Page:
CHILDHOOD STUNTING IN RELATION TO ADOLESCENT LIVING ENVIRONMENT AND RESILIENCE: A FOLLOW UP STUDY IN LAHORE, PAKISTAN

Nils Ekvall, Linus Bengtsson, Kristina Berg Kelly, Lotta Mellander, Shakila Zaman

Abstract


Background: Stunting, as a manifestation of deprivation in early childhood, is a common problem among young Pakistani children. Poverty and lack of resources may predispose a child to maladjustment in the grown-up society. Resilience has been studied in young children to ascertain how the children cope with the challenges in life. The aim of the investigation was to study differences in growth, socio-economic situation and resilience between adolescent boys who had been stunted or normal in height at the age of five years. Methods: Using both quantitative and qualitative study designs, the study areas were an urban slum area and a village outside Lahore, Pakistan. All boys (n=36) had been followed from birth to 5 years of age in an earlier epidemiological study conducted at the Dept of Social and Preventive Paediatrics, King Edward Medical College, Lahore and were identified for follow up at 12–15 years of age. Results: Those who were stunted at 5 years were also shorter as adolescents than those who were normal in height at 5 years of age. Resilience, i.e., the combination of the adolescent's emotional abilities, his access to emotional and family support and view of himself was interestingly not heavily influenced by earlier malnutrition. Conclusions: Despite the hardships faced by the young adolescent boys, living in poor socio-economic situations, are capable of displaying resilience despite being stunted.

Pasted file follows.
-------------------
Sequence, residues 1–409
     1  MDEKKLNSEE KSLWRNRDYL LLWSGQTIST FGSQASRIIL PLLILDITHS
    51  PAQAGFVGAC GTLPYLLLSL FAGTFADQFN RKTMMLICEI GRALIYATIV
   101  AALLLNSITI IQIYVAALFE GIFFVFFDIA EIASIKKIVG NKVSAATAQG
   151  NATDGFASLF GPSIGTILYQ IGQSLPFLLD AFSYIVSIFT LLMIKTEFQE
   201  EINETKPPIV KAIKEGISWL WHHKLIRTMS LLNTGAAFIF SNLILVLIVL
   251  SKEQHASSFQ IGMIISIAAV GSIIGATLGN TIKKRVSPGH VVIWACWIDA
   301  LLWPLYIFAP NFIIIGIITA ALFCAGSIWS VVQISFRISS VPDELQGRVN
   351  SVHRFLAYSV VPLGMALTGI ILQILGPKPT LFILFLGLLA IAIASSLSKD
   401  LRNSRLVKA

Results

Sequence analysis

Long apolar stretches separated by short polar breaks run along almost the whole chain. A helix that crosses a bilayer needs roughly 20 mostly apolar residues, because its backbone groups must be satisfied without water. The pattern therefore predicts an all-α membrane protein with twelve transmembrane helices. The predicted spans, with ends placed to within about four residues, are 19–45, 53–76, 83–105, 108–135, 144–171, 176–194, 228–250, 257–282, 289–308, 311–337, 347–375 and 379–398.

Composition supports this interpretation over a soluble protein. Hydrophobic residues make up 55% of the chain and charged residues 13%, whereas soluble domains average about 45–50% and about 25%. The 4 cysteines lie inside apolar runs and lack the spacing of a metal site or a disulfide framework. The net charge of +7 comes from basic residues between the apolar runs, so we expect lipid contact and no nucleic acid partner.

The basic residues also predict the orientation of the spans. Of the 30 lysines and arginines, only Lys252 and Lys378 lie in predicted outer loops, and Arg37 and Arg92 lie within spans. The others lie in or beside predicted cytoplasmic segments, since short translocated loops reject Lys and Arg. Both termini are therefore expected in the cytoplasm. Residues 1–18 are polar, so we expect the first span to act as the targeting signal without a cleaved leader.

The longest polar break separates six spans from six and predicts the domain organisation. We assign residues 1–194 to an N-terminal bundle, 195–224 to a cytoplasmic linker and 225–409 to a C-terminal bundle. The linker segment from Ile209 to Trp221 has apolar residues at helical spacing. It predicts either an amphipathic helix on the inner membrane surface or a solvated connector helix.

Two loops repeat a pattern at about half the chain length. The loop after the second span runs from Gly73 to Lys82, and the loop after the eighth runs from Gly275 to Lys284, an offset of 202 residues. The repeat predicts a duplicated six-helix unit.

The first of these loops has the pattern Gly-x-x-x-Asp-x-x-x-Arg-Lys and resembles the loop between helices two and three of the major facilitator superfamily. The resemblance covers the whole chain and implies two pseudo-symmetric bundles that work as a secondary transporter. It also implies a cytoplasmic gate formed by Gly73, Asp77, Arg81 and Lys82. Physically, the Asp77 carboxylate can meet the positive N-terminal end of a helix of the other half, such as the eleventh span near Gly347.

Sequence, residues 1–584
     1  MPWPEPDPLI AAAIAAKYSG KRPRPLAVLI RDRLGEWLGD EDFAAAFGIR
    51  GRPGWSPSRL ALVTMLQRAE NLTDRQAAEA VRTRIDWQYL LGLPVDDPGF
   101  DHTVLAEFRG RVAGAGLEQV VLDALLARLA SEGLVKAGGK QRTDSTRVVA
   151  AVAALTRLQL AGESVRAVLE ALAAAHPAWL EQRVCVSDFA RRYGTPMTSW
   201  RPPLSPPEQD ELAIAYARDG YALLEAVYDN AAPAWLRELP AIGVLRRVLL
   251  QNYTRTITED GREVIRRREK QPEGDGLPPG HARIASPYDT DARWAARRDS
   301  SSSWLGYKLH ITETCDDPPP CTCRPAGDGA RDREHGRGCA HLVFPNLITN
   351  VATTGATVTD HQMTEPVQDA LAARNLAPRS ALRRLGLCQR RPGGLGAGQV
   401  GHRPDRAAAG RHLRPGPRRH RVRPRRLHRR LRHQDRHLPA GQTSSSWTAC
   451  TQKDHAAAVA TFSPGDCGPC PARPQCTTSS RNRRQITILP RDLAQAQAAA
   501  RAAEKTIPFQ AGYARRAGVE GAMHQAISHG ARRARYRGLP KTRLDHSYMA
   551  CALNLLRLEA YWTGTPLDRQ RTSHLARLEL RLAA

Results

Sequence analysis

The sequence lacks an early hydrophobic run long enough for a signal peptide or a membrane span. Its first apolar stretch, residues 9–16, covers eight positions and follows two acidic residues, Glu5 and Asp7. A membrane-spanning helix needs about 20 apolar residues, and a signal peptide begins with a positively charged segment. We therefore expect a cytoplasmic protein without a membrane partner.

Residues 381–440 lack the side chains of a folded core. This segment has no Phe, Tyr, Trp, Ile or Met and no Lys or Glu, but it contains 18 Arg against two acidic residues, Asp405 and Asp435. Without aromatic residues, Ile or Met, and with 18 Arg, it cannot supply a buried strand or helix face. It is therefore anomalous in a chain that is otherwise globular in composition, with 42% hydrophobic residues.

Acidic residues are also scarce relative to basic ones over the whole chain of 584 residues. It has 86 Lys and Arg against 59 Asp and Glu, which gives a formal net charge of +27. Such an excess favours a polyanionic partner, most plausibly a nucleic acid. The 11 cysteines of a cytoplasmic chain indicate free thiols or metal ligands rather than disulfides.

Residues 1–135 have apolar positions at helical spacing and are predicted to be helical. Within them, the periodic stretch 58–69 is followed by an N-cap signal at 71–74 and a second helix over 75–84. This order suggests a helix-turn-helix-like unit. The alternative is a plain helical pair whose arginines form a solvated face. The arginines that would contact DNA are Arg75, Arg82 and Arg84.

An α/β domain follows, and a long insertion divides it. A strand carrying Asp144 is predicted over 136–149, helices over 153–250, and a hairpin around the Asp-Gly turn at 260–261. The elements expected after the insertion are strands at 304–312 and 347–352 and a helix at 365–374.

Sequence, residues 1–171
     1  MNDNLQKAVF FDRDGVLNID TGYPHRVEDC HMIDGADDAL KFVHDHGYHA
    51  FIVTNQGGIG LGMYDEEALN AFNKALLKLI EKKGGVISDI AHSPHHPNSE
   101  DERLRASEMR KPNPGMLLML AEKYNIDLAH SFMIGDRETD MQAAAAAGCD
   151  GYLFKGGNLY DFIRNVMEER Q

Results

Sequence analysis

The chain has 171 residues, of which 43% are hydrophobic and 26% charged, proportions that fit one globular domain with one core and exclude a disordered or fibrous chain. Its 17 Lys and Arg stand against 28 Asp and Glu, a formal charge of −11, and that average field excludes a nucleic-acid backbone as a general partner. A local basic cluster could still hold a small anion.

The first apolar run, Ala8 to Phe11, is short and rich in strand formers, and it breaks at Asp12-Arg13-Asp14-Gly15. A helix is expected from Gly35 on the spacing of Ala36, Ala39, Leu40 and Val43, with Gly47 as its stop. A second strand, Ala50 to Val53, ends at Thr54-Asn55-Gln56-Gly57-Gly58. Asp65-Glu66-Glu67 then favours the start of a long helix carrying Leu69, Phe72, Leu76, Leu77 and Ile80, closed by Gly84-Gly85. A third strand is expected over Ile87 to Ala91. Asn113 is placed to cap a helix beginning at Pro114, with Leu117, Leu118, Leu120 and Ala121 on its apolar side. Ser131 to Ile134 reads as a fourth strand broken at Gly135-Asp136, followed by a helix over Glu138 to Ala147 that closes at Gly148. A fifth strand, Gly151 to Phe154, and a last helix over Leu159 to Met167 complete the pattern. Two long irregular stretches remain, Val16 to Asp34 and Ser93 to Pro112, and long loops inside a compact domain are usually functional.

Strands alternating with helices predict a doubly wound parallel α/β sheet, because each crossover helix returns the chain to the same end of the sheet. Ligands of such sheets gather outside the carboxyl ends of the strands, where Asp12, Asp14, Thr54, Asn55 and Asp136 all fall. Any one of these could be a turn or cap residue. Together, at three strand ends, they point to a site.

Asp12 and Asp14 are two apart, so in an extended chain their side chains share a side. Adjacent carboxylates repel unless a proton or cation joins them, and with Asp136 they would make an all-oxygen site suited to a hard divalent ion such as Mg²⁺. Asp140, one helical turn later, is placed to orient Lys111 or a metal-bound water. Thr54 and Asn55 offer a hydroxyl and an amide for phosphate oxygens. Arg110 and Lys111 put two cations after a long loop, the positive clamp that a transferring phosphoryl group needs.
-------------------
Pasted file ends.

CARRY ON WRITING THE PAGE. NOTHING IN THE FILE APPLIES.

Keywords: Adolescent boys, Stunting, Resilience, Pakistan.


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References


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